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this is a simple question. There are some queries on our site that take too many seconds to complete (like 15 seconds!). For anonymous traffic they get a cached .html file, but for logged in users it's too slow.

The query looks like this:

SELECT node.nid, votingapi_cache_vote_percent_average.value AS votingapi_cache_vote_percent_average_value, votingapi_cache_vote_percent_count.value AS votingapi_cache_vote_percent_count_value, node.type AS node_type, users.name AS users_name, users.uid AS users_uid, node_data_field_species.field_species_nid AS node_data_field_species_field_species_nid, node.title AS node_title, node.changed AS node_changed, node.created AS node_created, node_data_field_picture.field_picture_fid AS node_data_field_picture_field_picture_fid, node_data_field_picture.field_picture_title AS node_data_field_picture_field_picture_title, node_data_field_picture.field_picture_alt AS node_data_field_picture_field_picture_alt, node_data_field_recorded.field_recorded_value AS node_data_field_recorded_field_recorded_value, node_data_field_static_location.field_static_location_value AS node_data_field_static_location_field_static_location_value, field_video_op_videos.video_id AS field_video_op_videos_preview_image_link FROM node node LEFT JOIN votingapi_cache votingapi_cache_vote_percent_average ON node.nid = votingapi_cache_vote_percent_average.content_id AND votingapi_cache_vote_percent_average.content_type = 'node' AND votingapi_cache_vote_percent_average.value_type = 'percent' AND votingapi_cache_vote_percent_average.tag = 'vote' AND votingapi_cache_vote_percent_average.function = 'average' LEFT JOIN votingapi_cache votingapi_cache_vote_percent_count ON node.nid = votingapi_cache_vote_percent_count.content_id AND votingapi_cache_vote_percent_count.content_type = 'node' AND votingapi_cache_vote_percent_count.value_type = 'percent' AND votingapi_cache_vote_percent_count.tag = 'vote' AND votingapi_cache_vote_percent_count.function = 'count' INNER JOIN users users ON node.uid = users.uid LEFT JOIN content_field_species node_data_field_species ON node.vid = node_data_field_species.vid LEFT JOIN content_type_picture node_data_field_picture ON node.vid = node_data_field_picture.vid LEFT JOIN content_field_recorded node_data_field_recorded ON node.vid = node_data_field_recorded.vid LEFT JOIN content_field_static_location node_data_field_static_location ON node.vid = node_data_field_static_location.vid LEFT JOIN content_type_video node_data_field_video ON node.vid = node_data_field_video.vid LEFT JOIN op_videos field_video_op_videos ON node_data_field_video.field_video_video_id = field_video_op_videos.video_id WHERE (node.type IN ('audio','picture','video')) AND (node.status = '1') ORDER BY votingapi_cache_vote_percent_average_value DESC, votingapi_cache_vote_percent_count_value DESC LIMIT 0, 30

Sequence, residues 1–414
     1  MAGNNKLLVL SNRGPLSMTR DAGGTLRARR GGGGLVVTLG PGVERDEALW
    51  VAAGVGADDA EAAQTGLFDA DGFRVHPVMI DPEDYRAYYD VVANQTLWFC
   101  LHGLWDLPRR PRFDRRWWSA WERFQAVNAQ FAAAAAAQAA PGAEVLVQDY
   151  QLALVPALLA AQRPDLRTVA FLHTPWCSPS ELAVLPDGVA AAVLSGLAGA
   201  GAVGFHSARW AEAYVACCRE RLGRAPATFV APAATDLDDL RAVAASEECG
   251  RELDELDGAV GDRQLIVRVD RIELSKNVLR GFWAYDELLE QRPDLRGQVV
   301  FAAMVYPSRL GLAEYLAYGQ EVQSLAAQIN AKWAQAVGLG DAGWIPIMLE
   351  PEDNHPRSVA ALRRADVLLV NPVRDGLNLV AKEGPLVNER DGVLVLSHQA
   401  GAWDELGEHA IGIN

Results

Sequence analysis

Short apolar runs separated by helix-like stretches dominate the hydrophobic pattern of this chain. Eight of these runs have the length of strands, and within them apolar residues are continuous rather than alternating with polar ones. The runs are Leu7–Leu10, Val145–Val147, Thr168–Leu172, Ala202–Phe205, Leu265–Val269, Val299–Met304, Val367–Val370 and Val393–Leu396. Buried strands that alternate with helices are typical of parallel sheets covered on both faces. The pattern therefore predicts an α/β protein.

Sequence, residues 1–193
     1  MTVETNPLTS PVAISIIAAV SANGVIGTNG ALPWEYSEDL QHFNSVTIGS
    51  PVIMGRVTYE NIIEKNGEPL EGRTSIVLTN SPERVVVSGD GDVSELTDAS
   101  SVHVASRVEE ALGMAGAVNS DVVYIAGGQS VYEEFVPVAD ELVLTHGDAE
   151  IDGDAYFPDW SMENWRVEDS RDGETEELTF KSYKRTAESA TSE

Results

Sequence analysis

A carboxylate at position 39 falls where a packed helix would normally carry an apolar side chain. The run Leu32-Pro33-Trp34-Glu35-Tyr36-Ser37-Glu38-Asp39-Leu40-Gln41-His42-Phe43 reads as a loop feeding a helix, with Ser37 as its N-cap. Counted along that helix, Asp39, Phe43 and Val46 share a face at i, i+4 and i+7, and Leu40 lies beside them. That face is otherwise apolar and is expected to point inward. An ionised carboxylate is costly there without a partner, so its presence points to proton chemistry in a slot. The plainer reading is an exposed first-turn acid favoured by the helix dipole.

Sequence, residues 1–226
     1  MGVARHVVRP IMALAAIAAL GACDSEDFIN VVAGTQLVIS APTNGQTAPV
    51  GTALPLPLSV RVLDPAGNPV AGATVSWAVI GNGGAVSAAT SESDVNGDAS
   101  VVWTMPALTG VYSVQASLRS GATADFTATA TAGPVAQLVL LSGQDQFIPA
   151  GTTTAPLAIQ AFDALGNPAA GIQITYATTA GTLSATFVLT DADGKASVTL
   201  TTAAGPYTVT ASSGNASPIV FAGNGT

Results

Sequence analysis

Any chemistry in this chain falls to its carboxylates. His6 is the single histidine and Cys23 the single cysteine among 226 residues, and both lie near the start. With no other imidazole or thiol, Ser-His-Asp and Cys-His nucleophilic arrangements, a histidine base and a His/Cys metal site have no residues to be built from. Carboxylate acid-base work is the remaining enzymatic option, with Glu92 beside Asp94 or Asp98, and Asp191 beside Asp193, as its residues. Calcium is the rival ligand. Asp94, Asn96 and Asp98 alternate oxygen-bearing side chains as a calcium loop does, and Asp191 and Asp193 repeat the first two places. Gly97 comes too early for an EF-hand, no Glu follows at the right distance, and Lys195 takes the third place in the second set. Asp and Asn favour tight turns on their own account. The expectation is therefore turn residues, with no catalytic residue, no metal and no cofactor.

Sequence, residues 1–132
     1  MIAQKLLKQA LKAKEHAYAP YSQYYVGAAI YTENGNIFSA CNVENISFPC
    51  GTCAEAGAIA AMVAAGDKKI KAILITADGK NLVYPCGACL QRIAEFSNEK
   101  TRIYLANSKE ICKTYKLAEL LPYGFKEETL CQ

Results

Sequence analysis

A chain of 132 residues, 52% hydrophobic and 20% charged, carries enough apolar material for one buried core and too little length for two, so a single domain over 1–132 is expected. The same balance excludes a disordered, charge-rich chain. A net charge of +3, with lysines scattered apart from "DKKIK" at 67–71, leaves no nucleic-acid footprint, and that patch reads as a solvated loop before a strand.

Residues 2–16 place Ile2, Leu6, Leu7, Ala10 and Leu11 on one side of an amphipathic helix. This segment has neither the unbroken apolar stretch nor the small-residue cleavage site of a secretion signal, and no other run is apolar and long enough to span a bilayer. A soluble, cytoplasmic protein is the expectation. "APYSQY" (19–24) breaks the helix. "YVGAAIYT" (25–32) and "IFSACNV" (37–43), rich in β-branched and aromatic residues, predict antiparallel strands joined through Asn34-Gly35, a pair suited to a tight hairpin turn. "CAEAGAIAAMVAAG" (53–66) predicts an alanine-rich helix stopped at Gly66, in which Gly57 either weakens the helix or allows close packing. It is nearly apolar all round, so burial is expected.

Will memcache help to serve that page faster? Or, at least, second-time access to it...

Thanks

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3  
My gosh, it looks like you need optimization much more than caching. –  Kai Nov 4 '09 at 16:39
    
I did, but as some of the tables that needs to be there are large (and I need to sort them, etc) it still takes too much time. In fact, I could paste a query half or less the size, but still slow. That comes from the Drupal Views module, so I didn't code it. Just selecting a few things gives you that... –  Ferran Gil Nov 4 '09 at 16:46
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3 Answers 3